In the same way that the prevalence of eating disorders varies directly with the media-induced “ideal” of the perfect physical form, so too do the nature and focus of OCD obsessions and compulsions. Take for example the insatiable appetite for all things celebrity, developed, monitored and fed by the media. More specifically, the intensity of the media scrutiny of celebrity relationships which is distilled into print and TV into ‘expert comment’, on-topic articles, ‘real-life experiences’, surveys, questionnaires and media and public debate. Such interest appears to have fathered (sorry) a simultaneous ‘new’ subtype of OCD obsession involving intense scrutiny of one’s own intimate relationships. The person with OCD will become locked in attempting to problem solve various dilemmas such as: “Is this the right relationship for me?”, “Do I really love this person?”, “Is my partner faithful?”, “Could I be unfaithful to my partner?”. And before you think that this is the everyday stuff of supermarket checkout queues and teens on lunch break, you’re right, but not to the point where they might take every Tuesday off work to agonise about the question for 12 hours alone, in bed, writing notes, or track down a random stranger they can’t remember whether they kissed 15 years ago at a bar just before they got married. At the ocdcentre we have noticed a distinct upward trend in the number of young people (18-30 yr olds) seeking treatment for what we have come to call ‘relationship OCD’. We have no doubt that the proliferation of relationship experts, self-help books, magazines focused on the domestic dysfunctions of Angelina and Brad or Katie and Tom have contributed.
So, take this issue to your GP or Primary Care Physician and you’ll be hearing the phrase “that’s just part of being young!” echoing after you as you’re shown the door. Later you’ll go home and your friends, family and the lady at the bus stop who just love to talk about society’s version of current affairs will get heavily involved in your love life. And the slippery slope continues, day in, day out. Needless to say, many of these young people never make it to us for treatment or at best, show up later when their OCD morphs into something the neighbours concur is really obsessed (or wierd and not nearly as interesting to them).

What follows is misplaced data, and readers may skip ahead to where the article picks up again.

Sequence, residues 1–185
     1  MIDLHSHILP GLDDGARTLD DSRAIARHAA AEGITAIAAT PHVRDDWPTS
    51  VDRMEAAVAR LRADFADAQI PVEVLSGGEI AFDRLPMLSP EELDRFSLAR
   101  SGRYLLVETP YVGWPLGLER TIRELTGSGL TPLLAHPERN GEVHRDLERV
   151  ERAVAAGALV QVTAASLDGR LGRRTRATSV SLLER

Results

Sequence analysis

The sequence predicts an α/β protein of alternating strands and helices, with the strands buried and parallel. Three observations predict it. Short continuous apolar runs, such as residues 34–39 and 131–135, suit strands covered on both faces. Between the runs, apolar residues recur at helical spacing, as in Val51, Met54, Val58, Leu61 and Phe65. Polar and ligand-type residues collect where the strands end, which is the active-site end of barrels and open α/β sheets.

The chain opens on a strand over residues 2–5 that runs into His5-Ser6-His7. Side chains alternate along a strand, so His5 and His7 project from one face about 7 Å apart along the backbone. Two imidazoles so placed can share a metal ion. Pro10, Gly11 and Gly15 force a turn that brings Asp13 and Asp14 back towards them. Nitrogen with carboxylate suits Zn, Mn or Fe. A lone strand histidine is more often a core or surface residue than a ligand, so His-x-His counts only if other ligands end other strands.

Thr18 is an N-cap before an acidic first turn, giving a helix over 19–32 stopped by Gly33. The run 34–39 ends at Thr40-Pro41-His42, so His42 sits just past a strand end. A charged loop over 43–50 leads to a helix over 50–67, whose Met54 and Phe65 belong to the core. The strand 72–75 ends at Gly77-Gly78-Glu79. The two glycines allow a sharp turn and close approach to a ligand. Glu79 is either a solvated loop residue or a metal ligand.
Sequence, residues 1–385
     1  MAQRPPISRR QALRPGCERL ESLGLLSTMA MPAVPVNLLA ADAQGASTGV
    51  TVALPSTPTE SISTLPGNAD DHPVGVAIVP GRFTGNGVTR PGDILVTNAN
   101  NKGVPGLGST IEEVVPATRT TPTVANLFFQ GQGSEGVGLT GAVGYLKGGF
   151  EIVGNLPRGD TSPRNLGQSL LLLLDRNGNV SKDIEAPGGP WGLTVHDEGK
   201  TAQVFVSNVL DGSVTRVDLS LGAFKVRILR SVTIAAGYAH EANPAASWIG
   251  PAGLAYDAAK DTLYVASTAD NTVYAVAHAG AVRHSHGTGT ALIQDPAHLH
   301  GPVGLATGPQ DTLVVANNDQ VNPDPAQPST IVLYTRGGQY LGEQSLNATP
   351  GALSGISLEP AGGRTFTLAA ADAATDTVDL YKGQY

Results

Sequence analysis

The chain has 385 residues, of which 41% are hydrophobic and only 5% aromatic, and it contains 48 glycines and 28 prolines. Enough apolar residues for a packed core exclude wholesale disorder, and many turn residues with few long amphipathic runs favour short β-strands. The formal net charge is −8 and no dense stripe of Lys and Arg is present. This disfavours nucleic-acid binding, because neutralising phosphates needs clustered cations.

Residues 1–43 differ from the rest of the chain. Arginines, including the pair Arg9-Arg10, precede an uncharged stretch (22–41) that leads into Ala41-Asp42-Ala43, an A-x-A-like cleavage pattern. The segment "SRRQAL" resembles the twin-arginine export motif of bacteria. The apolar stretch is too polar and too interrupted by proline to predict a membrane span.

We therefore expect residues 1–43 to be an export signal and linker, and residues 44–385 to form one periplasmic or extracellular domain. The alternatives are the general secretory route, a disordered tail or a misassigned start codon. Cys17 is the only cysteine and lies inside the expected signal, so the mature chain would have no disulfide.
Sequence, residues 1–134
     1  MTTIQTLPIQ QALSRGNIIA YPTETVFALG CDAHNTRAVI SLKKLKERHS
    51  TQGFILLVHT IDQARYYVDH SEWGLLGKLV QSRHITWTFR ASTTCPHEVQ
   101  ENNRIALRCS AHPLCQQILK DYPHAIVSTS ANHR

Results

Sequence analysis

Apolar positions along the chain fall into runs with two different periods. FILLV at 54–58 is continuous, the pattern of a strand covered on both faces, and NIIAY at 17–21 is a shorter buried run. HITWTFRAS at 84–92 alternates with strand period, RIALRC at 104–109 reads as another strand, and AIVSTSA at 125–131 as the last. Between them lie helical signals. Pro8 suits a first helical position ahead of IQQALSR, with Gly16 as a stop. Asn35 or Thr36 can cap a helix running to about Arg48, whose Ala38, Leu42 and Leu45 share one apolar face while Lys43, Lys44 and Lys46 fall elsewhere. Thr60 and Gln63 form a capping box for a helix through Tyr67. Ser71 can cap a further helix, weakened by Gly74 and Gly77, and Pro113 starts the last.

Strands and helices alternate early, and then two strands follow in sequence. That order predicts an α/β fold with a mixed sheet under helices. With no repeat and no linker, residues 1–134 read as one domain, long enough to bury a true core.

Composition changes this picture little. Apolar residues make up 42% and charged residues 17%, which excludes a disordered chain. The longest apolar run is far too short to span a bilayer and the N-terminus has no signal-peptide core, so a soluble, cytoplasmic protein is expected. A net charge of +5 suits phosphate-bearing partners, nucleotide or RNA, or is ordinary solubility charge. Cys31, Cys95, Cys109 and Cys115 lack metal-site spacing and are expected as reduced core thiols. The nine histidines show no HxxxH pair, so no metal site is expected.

Similarly, the paedophile, as the media’s latter day parallel of the serial killer has been the basis of many an OCD sufferer’s inner turmoil. Heavily linked to the sub-type of ‘responsibility OCD’, such a person with this type of OCD will fear that they might likewise harm or abuse children, so much so that they will avoid all contact with children and more seriously, consider suicide to protect potential victims. Locked at the basis of this psychophenomenon is incredibly low self worth (sometimes bullying) and the notion they might become the most abhorent member of society imaginable which is, of late, the tabloid paedophile. They are of course, nothing of the sort and I would sooner leave my children with such a sufferer than anyone else.
What is true for obsessions, is also true for compulsions. They have, in many ways, been shaped by culture, society and naturally, technology. Where technology is concerned, there is a clear divide. The avoidant sufferer will go to enormous lengths to escape the constant and conspicious deluge of information, shunning TV, mobiles (cells), the internet and even credit cards – much easier to do 10 years ago. In the other camp, the more compulsive sufferer’s peace of mind will be defined by the number of texts they receive/send and their accuracy (checked 20 times). Their anxiety levels will be assuaged by their access to reassurance from friends and family on their mobile phone and at least 20% of the global internet usage must be people with OCD researching health symptoms checklists, relationship surveys, local traffic accident reports, criminal and pathological traits and food additives.
Since compulsive behaviour is self-medication, OCD’s addictive idiosyncracies can be extrapolated to include Twitter, facebook, video games, TV, online gambling, online forums, discussion boards – it’s a long list. Then we have the shift from the people who re-write letters, words and whole sentences to those who have become super adept on the keyboard but still find that they are under performing at work because colleagues don’t have to redo the entire Excel spreadsheet because the 3rd row just didn’t feel right.
I’ll stop now as I could treat a dozen people in the time it will take me to cover 10% of this topic accurately, but I hope you get my drift. OCD has a nasty habit of staying current.
(next: Why there is a large-scale communal and societal tendency towards OCD)